*z*s are corresponding image pixel intensities encompassed by the filter.

_{k}Spatial filters are used for image restoration and removal of noise. We discuss several useful filters commonly used in digital image processing for this purpose.

**Smoothing or Averaging Filters:**

Averaging the pixel intensity values of the image region encompassed by the mask results in a blurring or smoothing of the image. By replacing the value of every pixel in an image by the average of the intensity levels enco in the neighborhood encompassed by the filter mask, the process results in an image with reduced sharp transitions in intensities, hence an overall blurring or smoothing effect. This helps in reducing unwanted noise in the image.

Averaging filter masks can be defined as below.

The above filter mask response can be expressed simply as

Let S_{xy} represent the set of coordinates in the image region encompassed by the mask. So the normal averaging filter, also known as the arithmetic mean filter, can alternatively be represented as :

Another way is to have a weighted average.

The most general weighted average filtering of an M x N image using a mask of size *m x n* is given by the following expression:

where x = 0,1,2,…,M-1 and y = 0,1,2,…,N-1; and m = 2a+1 and n = 2b+1.

**Other Mean Filters:**

The geometric mean filter is given by the following expression:

Each restored pixel is given by the product of the pixels in the sub-image region, raised to the power of 1/mn. The geometric mean filter obtains a greater smoothing effect as compared to the arithmetic mean filter.

The harmonic mean filter is :

The harmonic mean filter works well for the salt noise but fails for the pepper noise. It works well for Gaussian noise too.

Another unique type of filter is the contraharmonic mean filter.

Here Q is called the order of the filter. It is particularly well-suited for reducing or eliminating the effects of salt-and-pepper noise. For positive Q values, the filter eliminates pepper noise and for negative values, it eliminates salt noise. It cannot do both simultaneously. It is also interesting that for Q=1, the contra harmonic filter becomes the old arithmetic mean filter, while for Q=-1, it becomes a harmonic filter.

**Order-Statistic Filters: **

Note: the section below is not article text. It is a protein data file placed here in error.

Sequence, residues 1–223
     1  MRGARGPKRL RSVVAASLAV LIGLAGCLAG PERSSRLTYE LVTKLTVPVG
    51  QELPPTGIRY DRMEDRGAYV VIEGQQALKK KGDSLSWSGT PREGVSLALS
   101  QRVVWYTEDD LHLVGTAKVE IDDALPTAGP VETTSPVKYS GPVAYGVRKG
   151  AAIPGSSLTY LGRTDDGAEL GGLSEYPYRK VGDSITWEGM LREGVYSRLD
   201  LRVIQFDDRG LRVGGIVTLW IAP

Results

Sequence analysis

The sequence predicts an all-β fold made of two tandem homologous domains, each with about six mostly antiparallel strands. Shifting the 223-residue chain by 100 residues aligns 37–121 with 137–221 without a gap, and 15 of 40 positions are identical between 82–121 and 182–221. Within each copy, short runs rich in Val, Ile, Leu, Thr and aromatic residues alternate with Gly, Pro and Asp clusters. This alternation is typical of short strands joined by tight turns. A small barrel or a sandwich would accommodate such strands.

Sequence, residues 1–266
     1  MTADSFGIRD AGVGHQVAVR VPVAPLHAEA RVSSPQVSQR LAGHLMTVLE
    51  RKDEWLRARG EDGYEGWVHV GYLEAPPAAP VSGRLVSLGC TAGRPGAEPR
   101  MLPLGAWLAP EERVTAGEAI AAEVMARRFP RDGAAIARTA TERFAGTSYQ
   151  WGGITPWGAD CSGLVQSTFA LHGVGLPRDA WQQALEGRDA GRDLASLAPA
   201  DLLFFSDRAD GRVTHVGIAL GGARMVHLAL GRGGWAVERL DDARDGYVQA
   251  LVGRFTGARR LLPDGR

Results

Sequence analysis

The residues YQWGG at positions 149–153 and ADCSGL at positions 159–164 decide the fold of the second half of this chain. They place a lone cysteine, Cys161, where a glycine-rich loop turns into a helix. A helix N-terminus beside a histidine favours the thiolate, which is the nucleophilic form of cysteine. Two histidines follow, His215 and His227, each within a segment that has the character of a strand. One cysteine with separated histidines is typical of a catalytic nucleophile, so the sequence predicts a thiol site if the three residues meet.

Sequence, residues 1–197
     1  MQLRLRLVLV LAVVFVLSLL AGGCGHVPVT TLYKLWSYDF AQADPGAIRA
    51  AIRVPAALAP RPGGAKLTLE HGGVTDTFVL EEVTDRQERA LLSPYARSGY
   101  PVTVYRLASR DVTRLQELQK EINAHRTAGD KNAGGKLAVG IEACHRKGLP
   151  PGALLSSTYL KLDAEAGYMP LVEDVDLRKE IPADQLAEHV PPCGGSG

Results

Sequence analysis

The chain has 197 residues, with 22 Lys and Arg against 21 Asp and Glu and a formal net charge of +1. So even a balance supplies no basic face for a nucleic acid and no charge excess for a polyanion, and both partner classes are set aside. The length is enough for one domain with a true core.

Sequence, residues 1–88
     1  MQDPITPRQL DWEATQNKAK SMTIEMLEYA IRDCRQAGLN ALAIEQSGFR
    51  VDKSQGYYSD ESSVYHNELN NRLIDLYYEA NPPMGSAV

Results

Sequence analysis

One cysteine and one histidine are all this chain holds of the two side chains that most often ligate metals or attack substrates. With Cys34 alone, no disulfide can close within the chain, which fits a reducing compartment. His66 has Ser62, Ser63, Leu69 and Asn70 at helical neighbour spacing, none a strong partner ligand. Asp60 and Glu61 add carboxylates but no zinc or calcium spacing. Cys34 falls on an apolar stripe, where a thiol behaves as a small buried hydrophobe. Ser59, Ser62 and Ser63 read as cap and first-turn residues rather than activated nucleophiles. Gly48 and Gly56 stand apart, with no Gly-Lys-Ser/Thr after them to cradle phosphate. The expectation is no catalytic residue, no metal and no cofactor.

Order-statistic filters are spatial filters whose response is based on ordering or ranking the values of pixels contained in the image region encompassed by the filter. In essence, the response of such filters is totally dependent on the statistics of the pixel intensities contained in the mask region.

The median filter replaces the value of the pixel with the median of the intensity levels in the mask region.

Median filters provide excellent performance against noise, particularly for impulse noises, with considerably less blurring of images.

Max and min filters, as the name suggests, replace the pixel values with the maximum and minimum pixel intensities contained in the mask region respectively.

Max filter is used for finding the brightest points in the image. Also because pepper noise has very low-intensity values, it gets reduced by using the max filter. Similarly, the min filter is useful for finding the darkest points in the image and can work adequately to remove high-intensity salt noises.

The midpoint filter returns the midpoint between the maximum and minimum values in the region encompassed by the filter.

It works best for randomly distributed noise like Gaussian or uniform noise.

The alpha-trimmed filter is another type of order-statistic filter. If we delete the d/2 lowest and d/2 highest intensity values of f(s,t) in the region S_{xy }, then let f_{r}(s,t) denote the remaining pixels. Now if we take an average over these remaining pixel intensities, then it forms what is commonly called an alpha-trimmed mean filter.

where d can range between 0 and mn-1. If d=0, the alpha-trimmed filter reduces to the plain arithmetic mean filter. It is particularly useful against combinations of salt-and-pepper noise and Gaussian noise.